Unless the buyer who makes an offer on your home has the resources to qualify for a mortgage, you really do not have a sale. You should determine a buyer’s financial status before signing the contract. Consider these five questions:
- Has the buyer been prequalified or preapproved (better) for a mortgage? Such buyers will be in a much better position to obtain a mortgage promptly.
- Does the buyer have enough money to make a down-payment and cover closing costs? Ideally, a buyer should have 20 percent of the home’s price as a downpayment and between 2 percent and 7 percent of the price to cover closing costs.
- Is the buyer’s income sufficient to afford your home? Ideally, buyers should spend no more than 28 percent of total income to cover PITI (principal, interest, taxes, and insurance).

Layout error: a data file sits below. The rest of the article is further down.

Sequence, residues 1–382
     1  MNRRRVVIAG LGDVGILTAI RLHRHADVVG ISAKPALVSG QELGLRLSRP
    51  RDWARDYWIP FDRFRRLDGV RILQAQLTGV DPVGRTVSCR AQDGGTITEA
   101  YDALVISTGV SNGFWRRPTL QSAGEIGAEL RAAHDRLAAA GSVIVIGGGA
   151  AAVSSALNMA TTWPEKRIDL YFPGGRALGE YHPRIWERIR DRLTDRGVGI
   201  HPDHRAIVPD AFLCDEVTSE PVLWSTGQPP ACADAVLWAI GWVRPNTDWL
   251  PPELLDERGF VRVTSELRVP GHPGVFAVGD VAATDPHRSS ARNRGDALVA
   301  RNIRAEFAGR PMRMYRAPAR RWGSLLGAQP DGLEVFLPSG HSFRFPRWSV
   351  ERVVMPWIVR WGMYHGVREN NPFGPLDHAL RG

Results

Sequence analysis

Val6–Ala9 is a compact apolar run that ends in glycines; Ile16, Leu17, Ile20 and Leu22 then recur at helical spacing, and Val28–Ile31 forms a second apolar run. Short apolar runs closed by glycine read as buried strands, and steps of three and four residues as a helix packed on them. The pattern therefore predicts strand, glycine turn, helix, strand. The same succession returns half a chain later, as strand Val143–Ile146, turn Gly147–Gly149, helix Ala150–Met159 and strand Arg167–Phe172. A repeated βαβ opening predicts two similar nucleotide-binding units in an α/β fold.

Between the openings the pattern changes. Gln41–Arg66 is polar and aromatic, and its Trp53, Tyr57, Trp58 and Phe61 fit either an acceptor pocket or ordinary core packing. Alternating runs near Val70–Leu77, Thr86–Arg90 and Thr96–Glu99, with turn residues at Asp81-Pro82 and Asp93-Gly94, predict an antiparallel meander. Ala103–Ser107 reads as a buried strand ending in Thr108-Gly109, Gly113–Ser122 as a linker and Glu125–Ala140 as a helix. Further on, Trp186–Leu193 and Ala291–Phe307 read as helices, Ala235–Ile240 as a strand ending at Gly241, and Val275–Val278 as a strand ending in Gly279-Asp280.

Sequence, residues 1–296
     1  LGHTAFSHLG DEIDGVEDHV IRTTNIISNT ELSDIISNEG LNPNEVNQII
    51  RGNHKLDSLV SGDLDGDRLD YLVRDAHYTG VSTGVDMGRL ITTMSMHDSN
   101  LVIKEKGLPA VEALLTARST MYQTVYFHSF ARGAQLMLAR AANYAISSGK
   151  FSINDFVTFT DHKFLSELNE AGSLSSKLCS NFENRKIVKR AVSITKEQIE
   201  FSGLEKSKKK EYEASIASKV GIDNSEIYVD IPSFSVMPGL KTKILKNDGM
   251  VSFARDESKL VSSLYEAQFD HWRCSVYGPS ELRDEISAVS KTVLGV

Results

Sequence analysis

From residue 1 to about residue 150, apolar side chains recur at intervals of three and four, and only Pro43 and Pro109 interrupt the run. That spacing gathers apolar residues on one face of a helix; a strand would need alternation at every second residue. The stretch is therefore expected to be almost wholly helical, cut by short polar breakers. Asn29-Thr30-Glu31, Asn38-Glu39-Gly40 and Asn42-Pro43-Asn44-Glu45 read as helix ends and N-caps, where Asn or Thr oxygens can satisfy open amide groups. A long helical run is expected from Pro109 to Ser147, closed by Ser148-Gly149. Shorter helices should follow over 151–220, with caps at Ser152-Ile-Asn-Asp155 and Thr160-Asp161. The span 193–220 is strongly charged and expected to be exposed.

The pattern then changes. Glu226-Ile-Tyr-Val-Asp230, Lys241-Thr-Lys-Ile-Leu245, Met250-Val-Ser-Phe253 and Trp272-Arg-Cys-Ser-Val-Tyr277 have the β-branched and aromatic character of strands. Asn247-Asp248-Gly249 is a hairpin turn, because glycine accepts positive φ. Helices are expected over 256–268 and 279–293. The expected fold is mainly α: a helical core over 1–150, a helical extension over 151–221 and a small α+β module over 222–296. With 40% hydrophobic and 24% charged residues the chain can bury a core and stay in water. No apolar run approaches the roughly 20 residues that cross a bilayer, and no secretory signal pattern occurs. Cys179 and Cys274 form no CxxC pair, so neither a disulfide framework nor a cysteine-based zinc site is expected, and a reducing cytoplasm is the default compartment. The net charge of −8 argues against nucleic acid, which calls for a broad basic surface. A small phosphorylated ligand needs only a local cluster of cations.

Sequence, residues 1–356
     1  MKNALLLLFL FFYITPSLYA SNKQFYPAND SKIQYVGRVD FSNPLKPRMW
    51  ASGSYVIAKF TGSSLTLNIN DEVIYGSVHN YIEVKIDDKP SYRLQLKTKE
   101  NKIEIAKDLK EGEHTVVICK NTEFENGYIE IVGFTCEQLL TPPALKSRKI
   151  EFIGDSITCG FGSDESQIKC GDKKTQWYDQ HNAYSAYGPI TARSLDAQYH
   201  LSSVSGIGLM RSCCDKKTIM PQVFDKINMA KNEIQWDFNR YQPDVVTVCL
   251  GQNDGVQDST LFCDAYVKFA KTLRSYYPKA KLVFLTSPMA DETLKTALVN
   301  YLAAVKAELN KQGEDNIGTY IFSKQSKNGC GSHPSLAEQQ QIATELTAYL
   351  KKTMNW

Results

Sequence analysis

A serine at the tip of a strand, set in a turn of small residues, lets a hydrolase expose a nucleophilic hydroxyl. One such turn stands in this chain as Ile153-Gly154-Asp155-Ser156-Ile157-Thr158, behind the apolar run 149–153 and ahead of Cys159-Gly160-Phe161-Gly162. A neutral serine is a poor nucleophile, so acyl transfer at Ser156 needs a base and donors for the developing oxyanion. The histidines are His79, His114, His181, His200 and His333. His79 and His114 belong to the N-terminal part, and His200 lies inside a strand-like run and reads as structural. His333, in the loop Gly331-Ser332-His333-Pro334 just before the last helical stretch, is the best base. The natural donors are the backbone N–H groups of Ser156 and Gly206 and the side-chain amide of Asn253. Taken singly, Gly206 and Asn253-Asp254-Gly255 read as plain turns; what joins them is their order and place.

- Does your buyer have good credit? Ask if he or she has reviewed and corrected a credit report.
- Does the buyer have too much debt? If a buyer owes a great deal on car payments, credit cards, etc., he or she may not qualify for a mortgage.
Do not be afraid to ask these questions. It is a waste of your time to show your property to people who cannot buy it. If they can’t buy the property, you can’t sell it. Asking these questions will save you time, safeguard you from unneeded frustrations, and provide you with assurance that your property is under contract with qualified, able, and ready buyers.